Gardens - Herb Gardening

Five uncommon, easy-care herbs

Add new flavours to your meals with these herbs that are poised to make a comeback

lovage250.jpgLovage (Levisticum officianale)
Our one lovage plant has lived in my and my partner’s Zone 5 garden for 30 years. A green giant among herbs, lovage is a vigorous hardy perennial that pushes through first thing in spring and quickly soars to a height of two metres or more. By midsummer, its umbrellas of tiny, yellow-green flowers are abuzz with nectar-sipping flying insects, including small non-stinging parasitic wasps that prey on harmful creatures like tent caterpillars and green cabbage worms.

The whole plant—root, stem and leaf—is redolent of celery and parsley, but stronger. One of the best soup herbs, lovage is the leaf to simmer in broth with the usual onions, carrots and bay leaf. But don’t stop there: use lovage, sparingly at first, in bean and lentil soups, slow-cooking chilis, beef or chicken stews or tuna casseroles. Lovage is also classic with potatoes: minced with chives in mashed potatoes; in sour cream over baked spuds; or with marjoram in potato soup. Lacking celery, mince a bit of lovage into egg, tuna or salmon salad.

One lovage plant is plenty for any garden—you’ll never use it all. April through June is the best time to pluck tender leaves, since this robust herb can turn bitter in hot weather. After flowering, but before the plant spills its seeds, cut lovage back to 20 centimetres from the ground to encourage fresh growth and save the work of rooting out scores of seedlings.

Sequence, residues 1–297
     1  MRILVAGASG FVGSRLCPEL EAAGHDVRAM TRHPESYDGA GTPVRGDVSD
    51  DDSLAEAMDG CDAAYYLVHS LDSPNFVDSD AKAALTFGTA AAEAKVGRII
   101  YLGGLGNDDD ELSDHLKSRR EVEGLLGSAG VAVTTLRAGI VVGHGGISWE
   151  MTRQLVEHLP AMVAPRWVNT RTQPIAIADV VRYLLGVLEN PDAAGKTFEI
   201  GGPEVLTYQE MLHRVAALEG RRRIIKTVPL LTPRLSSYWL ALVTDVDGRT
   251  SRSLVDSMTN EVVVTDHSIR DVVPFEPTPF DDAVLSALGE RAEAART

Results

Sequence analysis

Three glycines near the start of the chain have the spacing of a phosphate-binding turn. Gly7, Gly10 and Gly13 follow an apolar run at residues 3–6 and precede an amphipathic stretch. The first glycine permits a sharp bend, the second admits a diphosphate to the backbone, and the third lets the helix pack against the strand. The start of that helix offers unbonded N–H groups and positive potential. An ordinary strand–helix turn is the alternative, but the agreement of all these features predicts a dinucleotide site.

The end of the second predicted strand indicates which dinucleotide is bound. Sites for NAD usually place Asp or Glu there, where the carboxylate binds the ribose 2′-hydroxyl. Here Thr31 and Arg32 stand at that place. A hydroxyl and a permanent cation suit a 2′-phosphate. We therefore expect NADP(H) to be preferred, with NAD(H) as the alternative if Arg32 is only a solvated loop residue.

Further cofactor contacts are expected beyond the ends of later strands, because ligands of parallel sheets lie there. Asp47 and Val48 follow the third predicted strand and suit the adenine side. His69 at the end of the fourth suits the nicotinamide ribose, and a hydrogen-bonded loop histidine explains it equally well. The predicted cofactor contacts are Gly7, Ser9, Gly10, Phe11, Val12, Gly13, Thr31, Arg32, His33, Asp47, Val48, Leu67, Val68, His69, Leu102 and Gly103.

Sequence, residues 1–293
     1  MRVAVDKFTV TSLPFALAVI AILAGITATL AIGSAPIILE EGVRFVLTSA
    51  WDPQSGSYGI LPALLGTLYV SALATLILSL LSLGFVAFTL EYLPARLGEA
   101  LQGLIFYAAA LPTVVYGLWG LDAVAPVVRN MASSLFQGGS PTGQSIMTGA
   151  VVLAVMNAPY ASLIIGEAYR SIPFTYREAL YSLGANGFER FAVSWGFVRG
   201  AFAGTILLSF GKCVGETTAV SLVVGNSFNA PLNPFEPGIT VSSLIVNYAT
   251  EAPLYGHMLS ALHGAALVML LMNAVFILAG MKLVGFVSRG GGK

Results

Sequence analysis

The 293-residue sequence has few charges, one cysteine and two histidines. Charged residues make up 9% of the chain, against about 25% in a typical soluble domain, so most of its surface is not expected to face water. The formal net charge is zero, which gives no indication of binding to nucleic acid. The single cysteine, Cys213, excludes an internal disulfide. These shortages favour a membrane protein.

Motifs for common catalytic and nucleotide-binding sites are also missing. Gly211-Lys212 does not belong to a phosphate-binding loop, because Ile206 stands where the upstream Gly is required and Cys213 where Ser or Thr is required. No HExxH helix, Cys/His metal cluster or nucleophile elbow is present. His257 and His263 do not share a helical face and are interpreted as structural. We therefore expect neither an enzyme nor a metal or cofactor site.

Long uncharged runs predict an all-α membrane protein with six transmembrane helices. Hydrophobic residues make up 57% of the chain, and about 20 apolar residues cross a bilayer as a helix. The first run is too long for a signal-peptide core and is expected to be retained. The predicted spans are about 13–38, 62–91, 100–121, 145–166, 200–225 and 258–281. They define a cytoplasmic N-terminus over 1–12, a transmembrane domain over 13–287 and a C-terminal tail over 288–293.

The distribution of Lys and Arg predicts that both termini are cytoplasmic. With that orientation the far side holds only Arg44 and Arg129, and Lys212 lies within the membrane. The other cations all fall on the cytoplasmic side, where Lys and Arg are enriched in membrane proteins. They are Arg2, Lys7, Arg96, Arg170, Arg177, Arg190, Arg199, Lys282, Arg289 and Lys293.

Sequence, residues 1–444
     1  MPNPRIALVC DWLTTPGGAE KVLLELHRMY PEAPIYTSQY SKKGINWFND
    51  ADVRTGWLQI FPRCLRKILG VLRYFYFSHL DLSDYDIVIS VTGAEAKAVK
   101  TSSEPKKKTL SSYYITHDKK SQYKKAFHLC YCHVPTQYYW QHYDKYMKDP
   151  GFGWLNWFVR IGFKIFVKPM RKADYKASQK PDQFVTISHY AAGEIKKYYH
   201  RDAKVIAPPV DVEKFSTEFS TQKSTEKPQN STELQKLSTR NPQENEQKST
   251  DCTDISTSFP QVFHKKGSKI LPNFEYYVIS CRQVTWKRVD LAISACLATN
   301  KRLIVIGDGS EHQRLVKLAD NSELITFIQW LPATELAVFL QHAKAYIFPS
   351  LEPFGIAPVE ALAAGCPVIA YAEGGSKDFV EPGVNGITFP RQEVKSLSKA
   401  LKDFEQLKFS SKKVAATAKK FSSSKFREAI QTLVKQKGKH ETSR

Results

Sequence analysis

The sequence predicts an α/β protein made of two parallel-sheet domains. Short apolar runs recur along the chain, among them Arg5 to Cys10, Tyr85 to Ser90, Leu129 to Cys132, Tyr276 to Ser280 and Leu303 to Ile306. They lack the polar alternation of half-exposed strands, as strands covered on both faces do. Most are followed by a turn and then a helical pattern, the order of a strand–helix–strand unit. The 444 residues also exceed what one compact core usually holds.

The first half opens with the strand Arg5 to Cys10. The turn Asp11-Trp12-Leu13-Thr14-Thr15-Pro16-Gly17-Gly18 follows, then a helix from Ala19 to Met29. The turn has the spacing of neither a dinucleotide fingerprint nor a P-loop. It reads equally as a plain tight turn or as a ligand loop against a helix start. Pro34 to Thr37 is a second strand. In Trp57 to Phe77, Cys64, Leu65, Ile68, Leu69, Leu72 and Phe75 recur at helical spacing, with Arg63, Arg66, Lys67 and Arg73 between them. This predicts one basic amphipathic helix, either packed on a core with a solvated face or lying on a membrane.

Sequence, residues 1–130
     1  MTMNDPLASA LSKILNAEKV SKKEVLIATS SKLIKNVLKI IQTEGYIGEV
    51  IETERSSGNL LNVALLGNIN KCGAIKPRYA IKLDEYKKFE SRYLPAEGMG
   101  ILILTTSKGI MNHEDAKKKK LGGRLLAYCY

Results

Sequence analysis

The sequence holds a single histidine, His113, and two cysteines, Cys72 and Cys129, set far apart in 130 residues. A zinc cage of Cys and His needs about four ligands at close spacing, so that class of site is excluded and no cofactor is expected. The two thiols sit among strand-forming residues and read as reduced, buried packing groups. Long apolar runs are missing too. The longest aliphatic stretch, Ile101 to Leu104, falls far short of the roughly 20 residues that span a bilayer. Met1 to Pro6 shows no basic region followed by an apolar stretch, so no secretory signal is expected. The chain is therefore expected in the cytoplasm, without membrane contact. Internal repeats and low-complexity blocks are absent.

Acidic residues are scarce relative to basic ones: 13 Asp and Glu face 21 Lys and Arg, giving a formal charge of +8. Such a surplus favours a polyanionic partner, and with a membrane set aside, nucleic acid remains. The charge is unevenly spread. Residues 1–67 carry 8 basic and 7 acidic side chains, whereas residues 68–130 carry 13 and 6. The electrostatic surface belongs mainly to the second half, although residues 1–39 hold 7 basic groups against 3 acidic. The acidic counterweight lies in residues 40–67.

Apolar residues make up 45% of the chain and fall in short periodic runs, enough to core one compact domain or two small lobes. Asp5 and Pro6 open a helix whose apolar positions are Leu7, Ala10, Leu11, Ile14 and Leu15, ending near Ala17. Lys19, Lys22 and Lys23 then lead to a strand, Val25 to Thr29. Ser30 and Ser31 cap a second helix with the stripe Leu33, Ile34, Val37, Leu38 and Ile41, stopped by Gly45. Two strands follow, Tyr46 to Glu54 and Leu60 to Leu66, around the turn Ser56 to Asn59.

For a quick start, look for a small potted plant in spring—or an off-shoot from a friend—and situate it in fertile, drained soil, in sun or partial shade, in a space that can accommodate its imposing height and metre-wide girth. Pick the spot for permanence. You might move a badly placed lovage in year two, but after that it’s a hard job to get its deep roots out of the ground.

Chew a fresh lovage leaf after a garlicky meal (or any time) to freshen breath. Use hollow lovage stems, cut to length, as a straw for tomato juice or a Bloody Mary. If you love lovage, dry individual leaves on a screen in an airy, shaded place to store for winter use. 

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